Combination therapy involving three drugs—elexacaftor, tezacaftor, and ivacaftor—can achieve positive, lasting effects in patients with cystic fibrosis, according to research published in the European Respiratory Journal

Researchers from Charité – Universitätsmedizin Berlin and the Max Delbrück Center found this form of medication improves the symptoms of cystic fibrosis in many patients, making mucus in the airways less sticky and significantly reducing lung inflammation. 

Two years ago, a research group headed by Charité showed that combination therapy involving the three drugs was effective in a large portion of patients with cystic fibrosis, a hereditary disease, meaning that the treatment noticeably improved both lung function and quality of life. Now, the team headed by Marcus Mall, who has been the lead researcher in both studies, has investigated for the first time whether this form of treatment is also helpful in the long term, meaning over a period of 12 months or more. 

To examine this, the researchers took a closer look at the sputum, the secretions from patients’ respiratory tracts. “In patients with cystic fibrosis, the mucus in the airways is very sticky because it doesn’t contain enough water, and the mucins, the molecules that form mucus, adhere too much due to their chemical properties. This results in thick, sticky mucus, which clogs the airways, making it harder for patients to breathe and leading to chronic bacterial infection and inflammation of the lungs,” says Mall, director of the department of pediatric respiratory medicine, immunology, and critical care medicine and the Christiane Herzog Cystic Fibrosis Center at Charité, in a release.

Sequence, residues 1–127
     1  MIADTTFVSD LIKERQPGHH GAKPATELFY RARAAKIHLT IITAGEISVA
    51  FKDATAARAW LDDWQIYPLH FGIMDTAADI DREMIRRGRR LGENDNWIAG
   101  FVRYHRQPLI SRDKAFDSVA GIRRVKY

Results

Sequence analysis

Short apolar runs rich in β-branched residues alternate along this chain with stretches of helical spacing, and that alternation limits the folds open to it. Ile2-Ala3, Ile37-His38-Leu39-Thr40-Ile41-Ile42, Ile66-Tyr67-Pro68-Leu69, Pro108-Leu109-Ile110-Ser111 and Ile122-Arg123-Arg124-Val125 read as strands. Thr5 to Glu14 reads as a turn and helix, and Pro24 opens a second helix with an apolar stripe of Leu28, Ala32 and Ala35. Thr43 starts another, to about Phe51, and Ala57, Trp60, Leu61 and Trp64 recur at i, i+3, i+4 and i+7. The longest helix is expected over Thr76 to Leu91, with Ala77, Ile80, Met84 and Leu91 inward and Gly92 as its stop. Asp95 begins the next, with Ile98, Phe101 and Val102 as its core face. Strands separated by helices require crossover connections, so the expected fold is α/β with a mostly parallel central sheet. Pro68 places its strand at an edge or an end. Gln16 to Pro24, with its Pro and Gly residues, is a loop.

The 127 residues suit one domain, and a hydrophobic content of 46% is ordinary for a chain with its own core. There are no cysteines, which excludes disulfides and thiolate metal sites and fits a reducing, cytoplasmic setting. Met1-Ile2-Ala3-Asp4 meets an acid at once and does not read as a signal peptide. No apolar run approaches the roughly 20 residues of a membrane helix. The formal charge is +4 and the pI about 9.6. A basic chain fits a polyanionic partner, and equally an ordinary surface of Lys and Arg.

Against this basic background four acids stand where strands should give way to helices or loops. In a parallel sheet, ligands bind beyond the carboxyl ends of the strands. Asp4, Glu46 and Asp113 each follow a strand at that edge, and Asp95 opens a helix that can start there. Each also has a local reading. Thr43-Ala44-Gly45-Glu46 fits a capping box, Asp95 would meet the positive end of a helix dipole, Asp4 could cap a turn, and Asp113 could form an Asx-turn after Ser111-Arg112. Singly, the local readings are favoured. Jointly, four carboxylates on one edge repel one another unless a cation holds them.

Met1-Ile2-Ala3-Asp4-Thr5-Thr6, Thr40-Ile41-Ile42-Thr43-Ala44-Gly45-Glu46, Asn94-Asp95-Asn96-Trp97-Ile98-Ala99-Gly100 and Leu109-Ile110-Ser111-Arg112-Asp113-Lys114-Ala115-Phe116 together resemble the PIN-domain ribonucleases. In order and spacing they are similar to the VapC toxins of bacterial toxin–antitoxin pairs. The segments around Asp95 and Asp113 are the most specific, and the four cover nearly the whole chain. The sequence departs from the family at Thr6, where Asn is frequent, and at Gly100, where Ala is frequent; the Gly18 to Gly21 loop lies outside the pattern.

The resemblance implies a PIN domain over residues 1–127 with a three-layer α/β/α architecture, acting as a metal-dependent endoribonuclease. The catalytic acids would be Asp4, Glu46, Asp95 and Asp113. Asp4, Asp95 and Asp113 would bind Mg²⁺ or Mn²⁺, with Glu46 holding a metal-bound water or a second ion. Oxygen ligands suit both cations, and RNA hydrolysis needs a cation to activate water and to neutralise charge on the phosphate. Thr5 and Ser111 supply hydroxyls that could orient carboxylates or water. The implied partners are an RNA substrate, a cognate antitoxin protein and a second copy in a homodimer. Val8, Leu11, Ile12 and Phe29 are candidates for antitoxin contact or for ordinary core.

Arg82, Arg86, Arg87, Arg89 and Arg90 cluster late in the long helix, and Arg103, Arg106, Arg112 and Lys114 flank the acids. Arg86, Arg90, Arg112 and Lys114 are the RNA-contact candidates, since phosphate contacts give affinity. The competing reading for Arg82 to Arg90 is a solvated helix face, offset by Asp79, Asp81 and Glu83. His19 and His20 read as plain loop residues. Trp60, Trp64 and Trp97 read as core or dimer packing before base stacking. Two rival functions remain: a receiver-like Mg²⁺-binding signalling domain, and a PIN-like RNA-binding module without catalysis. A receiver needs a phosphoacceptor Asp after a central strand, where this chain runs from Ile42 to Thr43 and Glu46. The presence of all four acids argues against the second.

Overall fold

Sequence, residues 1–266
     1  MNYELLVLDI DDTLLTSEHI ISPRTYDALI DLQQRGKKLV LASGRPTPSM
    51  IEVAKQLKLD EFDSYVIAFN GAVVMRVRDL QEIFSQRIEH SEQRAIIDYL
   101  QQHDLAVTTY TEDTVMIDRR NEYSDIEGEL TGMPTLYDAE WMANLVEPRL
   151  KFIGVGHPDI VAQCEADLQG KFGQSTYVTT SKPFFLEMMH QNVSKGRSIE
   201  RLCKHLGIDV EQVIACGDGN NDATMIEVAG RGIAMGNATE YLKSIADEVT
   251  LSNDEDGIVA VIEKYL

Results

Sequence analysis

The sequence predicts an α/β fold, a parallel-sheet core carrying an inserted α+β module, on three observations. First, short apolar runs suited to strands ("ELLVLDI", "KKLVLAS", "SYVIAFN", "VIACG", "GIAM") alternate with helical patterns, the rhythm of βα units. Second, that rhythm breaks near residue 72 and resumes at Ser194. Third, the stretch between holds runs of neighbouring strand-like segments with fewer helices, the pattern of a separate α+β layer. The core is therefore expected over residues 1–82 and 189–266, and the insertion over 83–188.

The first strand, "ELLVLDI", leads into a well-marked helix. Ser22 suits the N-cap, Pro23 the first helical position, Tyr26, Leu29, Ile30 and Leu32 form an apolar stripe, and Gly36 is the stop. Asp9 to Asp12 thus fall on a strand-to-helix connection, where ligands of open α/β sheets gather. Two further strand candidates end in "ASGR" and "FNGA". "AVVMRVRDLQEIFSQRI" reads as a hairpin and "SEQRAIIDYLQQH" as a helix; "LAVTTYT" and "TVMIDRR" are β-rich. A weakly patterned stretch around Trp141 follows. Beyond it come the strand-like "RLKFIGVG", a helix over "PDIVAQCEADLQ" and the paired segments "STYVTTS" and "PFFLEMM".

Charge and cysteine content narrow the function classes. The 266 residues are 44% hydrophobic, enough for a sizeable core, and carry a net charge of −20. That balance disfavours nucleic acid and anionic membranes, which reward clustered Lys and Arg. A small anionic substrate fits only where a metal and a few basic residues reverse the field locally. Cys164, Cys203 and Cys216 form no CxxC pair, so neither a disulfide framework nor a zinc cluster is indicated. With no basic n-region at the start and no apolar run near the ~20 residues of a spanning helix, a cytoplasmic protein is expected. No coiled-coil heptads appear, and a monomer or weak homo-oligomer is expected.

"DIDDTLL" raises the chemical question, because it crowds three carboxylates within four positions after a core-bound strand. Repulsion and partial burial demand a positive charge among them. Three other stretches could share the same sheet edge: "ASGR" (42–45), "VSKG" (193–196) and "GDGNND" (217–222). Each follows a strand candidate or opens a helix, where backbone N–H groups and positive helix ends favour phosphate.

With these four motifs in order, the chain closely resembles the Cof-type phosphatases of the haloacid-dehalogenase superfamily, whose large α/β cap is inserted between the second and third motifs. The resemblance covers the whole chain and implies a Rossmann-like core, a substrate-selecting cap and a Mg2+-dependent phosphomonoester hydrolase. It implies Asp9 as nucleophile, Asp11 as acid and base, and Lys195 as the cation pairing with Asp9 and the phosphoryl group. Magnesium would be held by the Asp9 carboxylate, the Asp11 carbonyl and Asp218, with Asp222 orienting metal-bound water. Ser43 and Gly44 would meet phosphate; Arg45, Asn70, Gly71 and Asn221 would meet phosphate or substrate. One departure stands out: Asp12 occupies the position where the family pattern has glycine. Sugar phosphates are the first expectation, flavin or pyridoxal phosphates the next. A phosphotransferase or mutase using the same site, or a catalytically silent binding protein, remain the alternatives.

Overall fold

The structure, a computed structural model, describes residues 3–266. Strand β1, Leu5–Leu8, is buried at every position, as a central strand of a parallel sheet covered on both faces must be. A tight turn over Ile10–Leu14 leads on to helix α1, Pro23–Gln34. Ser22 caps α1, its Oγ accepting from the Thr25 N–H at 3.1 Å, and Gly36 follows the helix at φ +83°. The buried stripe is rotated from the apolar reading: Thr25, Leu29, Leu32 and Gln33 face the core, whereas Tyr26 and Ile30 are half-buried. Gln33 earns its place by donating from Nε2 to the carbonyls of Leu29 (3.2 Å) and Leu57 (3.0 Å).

In the current study, the researchers show that a combination of elexacaftor, tezacaftor, and ivacaftor results in less viscous respiratory secretions and decreasing inflammation and bacterial infection in the lungs of cystic fibrosis patients. “What’s more, the effects lasted over the entire one-year study period. This is really important because previous medications caused a rebound in the bacterial load in the airways,” says Dr Simon Gräber, who also works in the department of pediatric respiratory medicine, immunology, and critical care medicine at Charité and was one of the co-leaders of the study, in a release. Seventy-nine adolescents and adults with cystic fibrosis and chronic lung disease participated in the trial.

A Major Step in Treating Cystic Fibrosis

“This is a major step forward in treating cystic fibrosis,” Mall says in the release. “At the same time, it would be premature to say that patients have been normalized, let alone cured. Chronic lung changes arising over many years of living with the disease cannot be reversed, unfortunately.” This means patients with advanced lung disease will still need to rely on established treatments involving inhaling mucus-thinning medications, taking antibiotics, and physical therapy.

“We plan to forge ahead with our research on how to make treatments that address cystic fibrosis via the molecular defects that cause the disease—like the triple medication combination studied here—even more effective. This includes starting treatment in early childhood with the goal of preventing chronic lung changes wherever possible,” Mall notes in the release. 

Gräber adds, “Aside from that, this therapy is not available to about 10 percent of our patients right now due to their genetic conditions. That’s why we are also hard at work on research involving new molecular treatments so we can treat all people with cystic fibrosis effectively.”

The researchers are also working to advance their understanding of mucus defects in cystic fibrosis and develop new mucolytics, drugs that thin and loosen the mucus. This research could also benefit patients with common chronic inflammatory lung diseases such as asthma and COPD.

Photo caption: Combination therapy involving three drugs—elexacaftor, tezacaftor, and ivacaftor—makes the mucus in the airways of cystic fibrosis patients (shown in the figure above) less thick and sticky. This makes it easier for the lungs to clear bacteria, and there are fewer respiratory inflammation cells.

Photo credit:  Laura Schaupp